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Balkan Folktales: Balkan Folktales, #1

Balkan Folktales: Balkan Folktales, #1

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Balkan Folktales: Balkan Folktales, #1

Länge:
78 Seiten
1 Stunde
Herausgeber:
Freigegeben:
Aug 25, 2019
ISBN:
9781393573456
Format:
Buch

Beschreibung

This edition, the first volume in the series "Balkan Folktales" includes 12 amazing folktales. Reality and fantasy are intertwined in the tales, yet anything imagined becomes real when it is being told, i.e. because it has been told.

In this literary work, the author also imbues every passage with benevolent humor, which finds its way to all readers. Tales also explore the social relations and injustice - tales are always on the side of the poor, the deprived, the subjugated, tales criticizes the corrupt priests, officials and judges expose human stupidity, vanity, greed, and stinginess, exalts the moral values of honesty, chastity, faithfulness, and quite calmly expounds the fatality of human destiny, in which righteousness always prevails.

Perhaps most importantly, even amidst all the hardship and suffering of his people and of his own, the author firmly believed in ultimate justice. As the people in this region saying goes - 'Justice and truth may thin themselves out, but they are never torn'.

In this sense may this edition of only a small section of Balkan's stories, but we are certain that the author's humanism will conquer the hearts of his English readers.

Herausgeber:
Freigegeben:
Aug 25, 2019
ISBN:
9781393573456
Format:
Buch

Über den Autor


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Buchvorschau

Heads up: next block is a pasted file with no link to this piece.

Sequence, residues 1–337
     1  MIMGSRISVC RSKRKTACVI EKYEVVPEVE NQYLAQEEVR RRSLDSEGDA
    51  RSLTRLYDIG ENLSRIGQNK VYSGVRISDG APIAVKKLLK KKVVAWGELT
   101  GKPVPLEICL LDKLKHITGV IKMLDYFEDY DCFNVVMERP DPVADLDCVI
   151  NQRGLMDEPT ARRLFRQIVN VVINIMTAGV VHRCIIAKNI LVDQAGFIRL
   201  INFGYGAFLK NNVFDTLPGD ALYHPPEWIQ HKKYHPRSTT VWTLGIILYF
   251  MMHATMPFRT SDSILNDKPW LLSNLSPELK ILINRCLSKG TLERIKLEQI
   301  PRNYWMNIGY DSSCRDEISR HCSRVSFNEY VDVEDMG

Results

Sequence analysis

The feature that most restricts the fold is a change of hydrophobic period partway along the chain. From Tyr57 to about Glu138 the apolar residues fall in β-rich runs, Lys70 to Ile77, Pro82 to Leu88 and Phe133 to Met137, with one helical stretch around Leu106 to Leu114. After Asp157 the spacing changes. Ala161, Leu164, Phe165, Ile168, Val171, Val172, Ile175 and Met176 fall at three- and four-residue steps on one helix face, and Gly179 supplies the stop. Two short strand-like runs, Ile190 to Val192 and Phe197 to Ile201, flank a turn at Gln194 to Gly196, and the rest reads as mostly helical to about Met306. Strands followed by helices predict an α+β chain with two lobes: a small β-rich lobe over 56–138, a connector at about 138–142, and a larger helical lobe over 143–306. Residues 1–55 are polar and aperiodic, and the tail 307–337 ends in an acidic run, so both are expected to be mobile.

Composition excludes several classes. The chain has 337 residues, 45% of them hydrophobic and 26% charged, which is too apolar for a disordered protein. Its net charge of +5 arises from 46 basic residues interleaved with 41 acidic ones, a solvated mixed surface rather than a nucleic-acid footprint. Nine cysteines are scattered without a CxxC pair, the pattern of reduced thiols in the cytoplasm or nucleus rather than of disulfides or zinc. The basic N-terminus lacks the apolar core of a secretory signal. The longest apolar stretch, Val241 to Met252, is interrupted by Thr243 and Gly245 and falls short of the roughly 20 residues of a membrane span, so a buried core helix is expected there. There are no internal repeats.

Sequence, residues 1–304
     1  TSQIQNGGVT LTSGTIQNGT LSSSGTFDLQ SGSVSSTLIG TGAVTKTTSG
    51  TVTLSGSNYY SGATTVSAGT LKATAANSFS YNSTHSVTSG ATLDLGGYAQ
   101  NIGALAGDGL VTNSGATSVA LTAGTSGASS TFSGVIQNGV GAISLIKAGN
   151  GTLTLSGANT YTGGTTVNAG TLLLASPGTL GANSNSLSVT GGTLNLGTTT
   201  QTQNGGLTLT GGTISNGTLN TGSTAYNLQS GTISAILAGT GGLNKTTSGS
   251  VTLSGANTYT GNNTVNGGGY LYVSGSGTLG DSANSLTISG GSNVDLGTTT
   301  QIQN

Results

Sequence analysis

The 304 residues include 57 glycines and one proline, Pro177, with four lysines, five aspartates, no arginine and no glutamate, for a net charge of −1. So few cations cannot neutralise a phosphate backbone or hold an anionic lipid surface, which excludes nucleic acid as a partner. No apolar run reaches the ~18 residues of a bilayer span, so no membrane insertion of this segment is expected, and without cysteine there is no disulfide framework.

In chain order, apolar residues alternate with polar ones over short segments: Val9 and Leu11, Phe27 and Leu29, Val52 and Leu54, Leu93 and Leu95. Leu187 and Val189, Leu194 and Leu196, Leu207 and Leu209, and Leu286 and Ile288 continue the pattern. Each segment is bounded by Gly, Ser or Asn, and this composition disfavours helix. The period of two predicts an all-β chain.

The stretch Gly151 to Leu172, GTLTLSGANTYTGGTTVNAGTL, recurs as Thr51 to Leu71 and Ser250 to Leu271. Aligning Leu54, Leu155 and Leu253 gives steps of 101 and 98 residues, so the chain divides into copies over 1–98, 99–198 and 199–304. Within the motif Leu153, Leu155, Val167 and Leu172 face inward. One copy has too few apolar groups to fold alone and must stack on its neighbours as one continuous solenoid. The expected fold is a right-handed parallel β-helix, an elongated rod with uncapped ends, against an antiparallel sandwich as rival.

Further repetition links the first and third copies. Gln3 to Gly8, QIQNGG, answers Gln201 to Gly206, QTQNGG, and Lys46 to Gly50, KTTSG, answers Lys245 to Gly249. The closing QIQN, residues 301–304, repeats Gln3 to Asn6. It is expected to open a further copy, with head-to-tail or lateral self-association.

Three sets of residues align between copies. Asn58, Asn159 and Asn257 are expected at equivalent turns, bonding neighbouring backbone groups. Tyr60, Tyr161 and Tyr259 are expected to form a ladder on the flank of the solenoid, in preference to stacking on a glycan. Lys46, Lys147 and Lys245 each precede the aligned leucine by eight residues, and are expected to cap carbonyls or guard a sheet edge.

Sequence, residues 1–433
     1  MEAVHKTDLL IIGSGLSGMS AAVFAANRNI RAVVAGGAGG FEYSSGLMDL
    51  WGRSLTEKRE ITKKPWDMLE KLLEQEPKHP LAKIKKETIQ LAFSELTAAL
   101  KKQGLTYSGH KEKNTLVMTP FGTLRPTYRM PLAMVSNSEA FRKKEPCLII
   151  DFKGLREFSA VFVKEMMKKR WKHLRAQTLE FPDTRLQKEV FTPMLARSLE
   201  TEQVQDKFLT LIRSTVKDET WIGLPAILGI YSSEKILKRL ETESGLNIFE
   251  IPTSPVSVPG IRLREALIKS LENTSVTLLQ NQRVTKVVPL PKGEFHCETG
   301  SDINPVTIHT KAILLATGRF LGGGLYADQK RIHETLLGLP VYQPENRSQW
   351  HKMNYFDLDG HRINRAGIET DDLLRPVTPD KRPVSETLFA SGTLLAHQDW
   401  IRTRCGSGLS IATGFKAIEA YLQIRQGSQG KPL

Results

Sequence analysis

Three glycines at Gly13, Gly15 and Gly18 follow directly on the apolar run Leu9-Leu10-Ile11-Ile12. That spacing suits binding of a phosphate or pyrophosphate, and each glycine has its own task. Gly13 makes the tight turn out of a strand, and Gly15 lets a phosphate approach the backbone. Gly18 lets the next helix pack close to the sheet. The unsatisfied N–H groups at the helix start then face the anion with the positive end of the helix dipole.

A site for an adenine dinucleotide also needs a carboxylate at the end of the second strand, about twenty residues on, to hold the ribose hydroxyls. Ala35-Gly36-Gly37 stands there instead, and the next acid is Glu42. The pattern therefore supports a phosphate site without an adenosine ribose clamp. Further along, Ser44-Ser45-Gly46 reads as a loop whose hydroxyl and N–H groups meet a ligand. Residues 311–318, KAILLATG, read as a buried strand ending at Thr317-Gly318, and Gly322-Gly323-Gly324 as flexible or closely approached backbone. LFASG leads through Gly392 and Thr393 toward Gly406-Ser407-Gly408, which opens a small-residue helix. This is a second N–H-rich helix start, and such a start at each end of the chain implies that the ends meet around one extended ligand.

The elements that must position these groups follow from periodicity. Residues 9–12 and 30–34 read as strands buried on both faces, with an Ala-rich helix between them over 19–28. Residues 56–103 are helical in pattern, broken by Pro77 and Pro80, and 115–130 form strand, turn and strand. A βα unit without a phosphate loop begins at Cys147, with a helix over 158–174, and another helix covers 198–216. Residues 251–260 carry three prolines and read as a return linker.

Balkan Folktales - Tatjana Nikolovska

© 2019 by Tatjana Nikolovska

1st edition

EDITED BY GEORGE NIKOLOV

Cover and book design by goNik design team

Published by

Draft2Digital

9400 N. Broadway, Ste. 410

Oklahoma City, OK 73114

United States

Printed in the US

ISBN  978-1-365-85062-2

Contents


FOREWORD

The Wolf and the Rams

Hungry Fox and a Badger

The Cat Sylvester Who Became a Monk

The Mouse and the Frog

How the Fever and the Debt Become the Best Friends

Truth and Falsehood

A Shepherd Who by Mistake Killed His Faithful Dog

Femme Fatale and the Three Brothers

The Three Seers and the Judge

The Woodcutter with the Five Donkeys

Caught in the Garlic

Clarky the Duck

Foreword


THIS EDITION, THE FIRST volume in the series Balkan Folktales includes 12 amazing Macedonian folktales. It includes the longest and most famous tale Clarky the Duck, considered a masterpiece and rightly valued as one of the first prose works in Modern Balkan literature.

There is an interesting conclusion to this story:

So there it is dear Reader, the story of what happened to Clarky from village Labin. I know that you too think it’s just a fantasy, but I know it is true because my father told me this story, and that’s just what he said to me when he first told it.

In this short passage lies an important clue to authors approach to this material. All the artistic wealth that had survived in the collective memory of the Balkan people has a legitimacy of truth because it has been told, and in some parts of this region, even today, the spoken word, the direct contact has crucial importance. The forefathers are given all the deserved respect - and nowhere does the line in the beginning was the Word resound more strongly than in Balkan. The passage also foreshadows what would be called in Latin America literature - magical realism.